MOve up/down factor for binomial option pricing models

In the 2012 morning mock question 9, they tell you a stock price can go up 15% and down 10%. This usually means the move up factor is u=1.15 and the move down factor is d=1/1.15=0.8696. however, the answer used 0.9 as the down factor. WTF. What knowledge am I missing?

I think they probably just rounded it up to 0.9

And this also happend in the 2013 afternoon mock Q10, where move up was 15% and move down was 20%… but u =1.15 however, d=0.8

Okay for Mock 2013, they give us that the probability of a down move is 20%, so 1-0.2 = 0.8

and I guess we can do the same for Mock 2012, since the down move is 10%, 1-0.1 = 0.9

What about when you need to find the cost of the option c0, so you multiply c+ by (1+RF-d)/(u-d)? I have done a Schweser mock where they simply multiply c+ and c- by the up/down factor. Should I assume this incorrect? And we should always find out the 1+RF blabla formula?


Sometimes the Mock will give you the percentage moves up or the probability moves in the problem. The analyst in the vignette probably determined these numbers from some method of professional judgment other than the risk neutral (i think thats the name for it) equations which we normally use in binomial option pricing models.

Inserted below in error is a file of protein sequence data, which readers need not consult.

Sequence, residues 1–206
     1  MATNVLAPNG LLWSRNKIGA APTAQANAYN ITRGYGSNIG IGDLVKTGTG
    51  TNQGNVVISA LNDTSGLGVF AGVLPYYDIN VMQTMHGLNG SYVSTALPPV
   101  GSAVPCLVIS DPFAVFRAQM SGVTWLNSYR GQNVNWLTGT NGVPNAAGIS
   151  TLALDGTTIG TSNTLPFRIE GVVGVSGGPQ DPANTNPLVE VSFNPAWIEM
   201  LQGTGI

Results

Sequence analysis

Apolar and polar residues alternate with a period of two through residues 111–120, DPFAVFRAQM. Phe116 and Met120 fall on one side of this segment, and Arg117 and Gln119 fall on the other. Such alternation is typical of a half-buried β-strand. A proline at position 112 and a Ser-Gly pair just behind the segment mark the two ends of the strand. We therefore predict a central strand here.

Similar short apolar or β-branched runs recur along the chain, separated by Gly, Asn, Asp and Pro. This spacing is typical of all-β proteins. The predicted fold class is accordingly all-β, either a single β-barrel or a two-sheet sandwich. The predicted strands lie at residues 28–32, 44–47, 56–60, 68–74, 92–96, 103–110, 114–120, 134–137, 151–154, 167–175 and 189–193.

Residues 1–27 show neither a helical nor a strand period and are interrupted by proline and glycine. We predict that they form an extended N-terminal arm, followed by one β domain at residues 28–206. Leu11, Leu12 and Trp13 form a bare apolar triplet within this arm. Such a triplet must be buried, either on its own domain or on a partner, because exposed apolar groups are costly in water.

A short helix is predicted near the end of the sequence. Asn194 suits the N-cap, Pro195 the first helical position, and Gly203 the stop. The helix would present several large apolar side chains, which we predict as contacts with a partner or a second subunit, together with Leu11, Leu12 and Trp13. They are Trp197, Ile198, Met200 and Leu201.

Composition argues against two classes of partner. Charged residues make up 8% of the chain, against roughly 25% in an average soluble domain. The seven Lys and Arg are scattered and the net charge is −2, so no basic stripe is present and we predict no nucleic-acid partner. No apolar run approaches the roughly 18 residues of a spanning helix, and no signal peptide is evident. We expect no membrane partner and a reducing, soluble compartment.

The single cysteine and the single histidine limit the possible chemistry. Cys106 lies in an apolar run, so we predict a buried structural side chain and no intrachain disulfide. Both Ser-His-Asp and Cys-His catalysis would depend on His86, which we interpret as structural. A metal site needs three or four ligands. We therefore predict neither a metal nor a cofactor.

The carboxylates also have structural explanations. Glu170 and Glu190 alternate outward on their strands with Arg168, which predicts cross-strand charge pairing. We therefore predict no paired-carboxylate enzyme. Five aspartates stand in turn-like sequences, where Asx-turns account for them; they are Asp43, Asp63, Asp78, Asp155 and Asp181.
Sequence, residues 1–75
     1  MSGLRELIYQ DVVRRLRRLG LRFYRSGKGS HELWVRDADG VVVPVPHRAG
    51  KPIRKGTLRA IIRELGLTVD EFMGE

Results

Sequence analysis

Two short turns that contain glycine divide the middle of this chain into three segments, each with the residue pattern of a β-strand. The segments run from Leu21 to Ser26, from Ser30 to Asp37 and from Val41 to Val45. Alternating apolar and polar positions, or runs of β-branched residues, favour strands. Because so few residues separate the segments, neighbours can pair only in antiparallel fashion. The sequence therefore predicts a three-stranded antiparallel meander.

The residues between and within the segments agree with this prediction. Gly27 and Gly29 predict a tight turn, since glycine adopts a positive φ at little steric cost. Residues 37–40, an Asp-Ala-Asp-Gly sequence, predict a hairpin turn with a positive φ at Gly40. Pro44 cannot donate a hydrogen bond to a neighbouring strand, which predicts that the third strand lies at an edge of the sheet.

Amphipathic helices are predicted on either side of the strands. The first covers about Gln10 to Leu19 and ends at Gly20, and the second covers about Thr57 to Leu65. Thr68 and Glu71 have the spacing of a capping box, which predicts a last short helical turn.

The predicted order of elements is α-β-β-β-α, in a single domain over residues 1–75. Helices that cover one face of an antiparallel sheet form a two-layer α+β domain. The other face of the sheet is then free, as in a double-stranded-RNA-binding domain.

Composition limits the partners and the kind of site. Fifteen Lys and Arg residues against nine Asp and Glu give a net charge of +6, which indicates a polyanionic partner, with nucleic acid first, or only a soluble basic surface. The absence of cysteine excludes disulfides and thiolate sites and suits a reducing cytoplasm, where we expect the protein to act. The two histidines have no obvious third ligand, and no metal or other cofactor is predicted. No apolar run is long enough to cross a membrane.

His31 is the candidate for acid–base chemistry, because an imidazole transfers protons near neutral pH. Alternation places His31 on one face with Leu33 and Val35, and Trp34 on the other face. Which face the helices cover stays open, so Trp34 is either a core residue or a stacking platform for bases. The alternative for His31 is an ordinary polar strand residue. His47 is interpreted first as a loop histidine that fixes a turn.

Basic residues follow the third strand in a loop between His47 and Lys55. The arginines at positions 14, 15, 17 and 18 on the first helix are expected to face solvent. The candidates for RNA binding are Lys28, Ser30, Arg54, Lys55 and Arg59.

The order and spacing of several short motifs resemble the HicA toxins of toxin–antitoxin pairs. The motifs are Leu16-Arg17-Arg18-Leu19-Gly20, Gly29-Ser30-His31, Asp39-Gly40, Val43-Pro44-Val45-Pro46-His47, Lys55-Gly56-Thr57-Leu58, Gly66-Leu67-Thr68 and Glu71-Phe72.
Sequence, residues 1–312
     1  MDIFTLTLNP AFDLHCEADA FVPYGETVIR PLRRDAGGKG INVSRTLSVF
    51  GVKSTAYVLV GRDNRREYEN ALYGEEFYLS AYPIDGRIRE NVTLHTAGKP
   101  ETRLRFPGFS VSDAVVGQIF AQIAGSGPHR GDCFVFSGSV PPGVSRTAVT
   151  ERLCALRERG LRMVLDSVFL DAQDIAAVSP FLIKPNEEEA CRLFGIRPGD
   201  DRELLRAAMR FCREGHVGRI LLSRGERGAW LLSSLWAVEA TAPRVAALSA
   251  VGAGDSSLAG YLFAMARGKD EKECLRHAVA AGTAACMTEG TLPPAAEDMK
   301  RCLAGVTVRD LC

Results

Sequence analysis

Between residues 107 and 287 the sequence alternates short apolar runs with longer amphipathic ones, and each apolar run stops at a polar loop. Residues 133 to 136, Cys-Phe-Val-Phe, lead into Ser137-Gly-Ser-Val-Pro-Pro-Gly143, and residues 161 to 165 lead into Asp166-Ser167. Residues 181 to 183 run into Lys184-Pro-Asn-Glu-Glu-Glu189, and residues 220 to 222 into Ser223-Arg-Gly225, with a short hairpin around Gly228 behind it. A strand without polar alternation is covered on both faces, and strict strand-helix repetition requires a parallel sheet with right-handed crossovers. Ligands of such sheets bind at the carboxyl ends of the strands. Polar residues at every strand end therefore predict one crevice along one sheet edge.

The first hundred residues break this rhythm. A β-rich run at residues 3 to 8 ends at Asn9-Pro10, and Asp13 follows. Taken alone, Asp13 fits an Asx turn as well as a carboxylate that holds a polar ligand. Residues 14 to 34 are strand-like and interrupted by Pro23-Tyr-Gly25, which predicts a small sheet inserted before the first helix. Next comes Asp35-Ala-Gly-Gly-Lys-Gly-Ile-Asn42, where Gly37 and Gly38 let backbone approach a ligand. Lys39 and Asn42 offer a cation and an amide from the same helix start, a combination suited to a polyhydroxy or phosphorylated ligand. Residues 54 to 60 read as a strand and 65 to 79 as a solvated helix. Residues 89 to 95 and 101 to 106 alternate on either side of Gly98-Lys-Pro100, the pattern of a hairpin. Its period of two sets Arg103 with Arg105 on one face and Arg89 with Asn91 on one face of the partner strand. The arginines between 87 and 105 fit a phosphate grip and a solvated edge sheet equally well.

The formula (1+rf-d)/(u-d) is the probability of an up move, we should always calculate it if isn’t given to us and multiply it by c+ and multiply c- by the probability of the down move

The up move and down factor are only used to find the stock price at time =1. you multiply the stock price into the up/down factor.

just to clarify… factors is the 1+%U or 1-%D. so when solving for the probabilities. U = 1+%U and D = 1-%D . you DONT want to use U = 20% and D = -10% (or w/e is given.

Thank you all! It’s nice to get the confirmation. Good to point out RayJay, I made that mistake once so I surely won’t tomorrow! Best of luck.

I’m not even going to try and remeber the binomial model. I’ll let you know how it works out for me.